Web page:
Pacing in Time

Pacing comes in several forms. This time I’d like to discuss how pacing passes or captures time.

When we have a lifetime to condense into a short story, or a weekend that we stretch out into a book, we need the tricks of the craft. There are many ways to show time passing, seasons changing, children growing, or light fading; but what about passing moments, or years? Somehow we need to decide which moments to keep and what to toss. To save time, and words, most of us try to start in the middle of the action, medias res, and use foreshadowing and backstory as filler. Once all the parts are collected, the goal is to string them together in a fun and logical way.

The passing of time is relative–some moments pass unnoticed, some seem to stretch on for days, and others pass so fast we almost miss them. We express quick moments in summaries, stretch out milliseconds indefinitely using descriptive and sometimes flowery prose. There are occasions we travel through time and space incorporating backstory, or tempting our readers with foreshadowing. We can jump around using words like before lunch, winter 1902, when I was a kid; and how we stay organized and clearly convey what we mean is not easy. Usually, all of the events are linked by an idea, a person or place. We use common element to thread the moments together on a long beaded necklace of scenes, and summaries.

I’m going to cheat a little and suggest using the Three-Act Structure. We have plot points, and increased tension, and most importantly a place to begin. Select the profound moments–the moment of no return, when everything twists into the unexpected, last attempt out of desperation–fill in the supporting points in order of dramatic effect and link together with summaries. This hopefully has built a reasonable chronological timeline.

You may have a play-by-play, but you don’t have to start from the very beginning. art stack of old booksOne approach is to start closest to the end (in a short story) or middle (in a book)–adjusting the plot points as needed. The old inciting incident will become the new backstory and the original hope/dread foreshadowing, adding motivation and suspense to the writing.

It is times like this that many are tempted to share everything–hold back. In some cases it is prudent to keep the reader guessing. There is also the choice of informing the reader but not the players, and letting the information trickle in when necessary. Either way can work, unanswered questions encourage the curious to read on, and making the reader secret keeper can escalate the tension,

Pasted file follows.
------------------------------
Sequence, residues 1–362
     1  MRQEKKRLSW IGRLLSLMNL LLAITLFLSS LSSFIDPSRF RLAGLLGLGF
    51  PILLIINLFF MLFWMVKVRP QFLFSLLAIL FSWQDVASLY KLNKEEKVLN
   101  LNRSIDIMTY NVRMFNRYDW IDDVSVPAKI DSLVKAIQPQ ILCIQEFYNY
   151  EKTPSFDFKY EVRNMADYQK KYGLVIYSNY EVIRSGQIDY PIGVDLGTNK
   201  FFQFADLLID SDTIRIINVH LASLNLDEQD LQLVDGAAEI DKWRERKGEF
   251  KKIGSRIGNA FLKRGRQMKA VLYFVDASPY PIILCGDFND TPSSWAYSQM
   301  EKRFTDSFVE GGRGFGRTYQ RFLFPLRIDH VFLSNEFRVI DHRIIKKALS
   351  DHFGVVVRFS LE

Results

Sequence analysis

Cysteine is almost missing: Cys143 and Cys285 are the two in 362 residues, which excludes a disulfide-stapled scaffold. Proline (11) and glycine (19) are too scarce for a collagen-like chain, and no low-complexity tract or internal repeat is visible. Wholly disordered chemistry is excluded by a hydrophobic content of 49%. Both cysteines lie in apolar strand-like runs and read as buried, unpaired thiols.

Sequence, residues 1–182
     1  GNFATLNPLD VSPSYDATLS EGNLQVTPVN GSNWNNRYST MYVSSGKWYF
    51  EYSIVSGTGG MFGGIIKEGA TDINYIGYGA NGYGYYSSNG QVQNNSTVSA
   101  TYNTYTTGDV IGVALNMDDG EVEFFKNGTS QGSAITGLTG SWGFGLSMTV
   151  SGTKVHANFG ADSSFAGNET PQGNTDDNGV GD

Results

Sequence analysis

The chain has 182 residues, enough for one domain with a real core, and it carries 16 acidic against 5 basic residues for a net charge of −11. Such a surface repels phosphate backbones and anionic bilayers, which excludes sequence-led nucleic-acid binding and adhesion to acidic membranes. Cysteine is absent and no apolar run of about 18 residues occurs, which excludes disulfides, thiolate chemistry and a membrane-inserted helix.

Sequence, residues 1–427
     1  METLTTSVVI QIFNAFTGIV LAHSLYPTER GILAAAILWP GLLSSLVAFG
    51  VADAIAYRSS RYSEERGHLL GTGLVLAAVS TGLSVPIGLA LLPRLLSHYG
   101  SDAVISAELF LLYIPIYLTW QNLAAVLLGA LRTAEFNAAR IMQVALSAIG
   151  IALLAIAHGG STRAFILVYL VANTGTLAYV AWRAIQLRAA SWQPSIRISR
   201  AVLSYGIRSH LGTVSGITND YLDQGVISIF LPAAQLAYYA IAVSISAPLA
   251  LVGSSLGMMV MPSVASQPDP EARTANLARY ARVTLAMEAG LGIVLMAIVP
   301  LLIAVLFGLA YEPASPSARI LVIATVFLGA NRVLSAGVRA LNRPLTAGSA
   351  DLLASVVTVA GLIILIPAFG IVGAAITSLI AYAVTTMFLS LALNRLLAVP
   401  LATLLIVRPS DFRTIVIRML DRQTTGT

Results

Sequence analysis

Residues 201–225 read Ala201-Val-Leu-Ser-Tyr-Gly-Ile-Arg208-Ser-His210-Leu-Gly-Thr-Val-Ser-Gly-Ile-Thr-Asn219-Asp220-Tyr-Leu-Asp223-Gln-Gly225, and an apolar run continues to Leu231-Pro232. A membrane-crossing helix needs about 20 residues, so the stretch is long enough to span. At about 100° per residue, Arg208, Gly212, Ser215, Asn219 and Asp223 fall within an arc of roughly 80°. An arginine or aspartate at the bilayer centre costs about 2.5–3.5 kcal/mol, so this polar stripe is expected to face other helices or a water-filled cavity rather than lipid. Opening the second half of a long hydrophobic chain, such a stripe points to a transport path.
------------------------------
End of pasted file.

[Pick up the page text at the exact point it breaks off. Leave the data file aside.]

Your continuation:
The timeline is the story behind the story, now take your artist license and rebuilt it. Think of it like clay, slicing  it, rearranging it, reforming it and make anything you want. Sure you need to follow some logical order, but that comes from what you want to say and how you want to say it. What’s your message? Don’t tell me, get writing.

More: Pacing with Rhythm and Secrets of Pacing


11 responses to “Pacing in Time

  1. I enjoy reading these posts. Never know when it might come in handy. ^_^

  2. Pacing is one of those difficult things, especially if you’re trying to show a long journey or fit a bunch of a character’s thoughts in between lines of dialogue. I’ve read books where I wondered just how long the pauses in dialogue were, as some characters would think for several paragraphs before replying. O_o

  3. I sometimes mention when a story is well-paced, but have to admit I never considered pacing from an author’s point of view. Can’t stand it when the story drags! Thanks for another informative post!

  4. I love these insider tips, thanks Anna!

  5. Pingback: Pacing with Rhythm | Shout With Emaginette

  6. Pingback: Secrets of Pacing | Shout With Emaginette

  7. Pingback: Revision 2: Early Stages | Elements of Writing

If you're new to writing, ask me anything and if you're experienced, feel free to share what you know. Learning something new in the craft is always welcome.

Fill in your details below or click an icon to log in: Logo

You are commenting using your account. Log Out / Change )

Twitter picture

You are commenting using your Twitter account. Log Out / Change )

Facebook photo

You are commenting using your Facebook account. Log Out / Change )

Google+ photo

You are commenting using your Google+ account. Log Out / Change )

Connecting to %s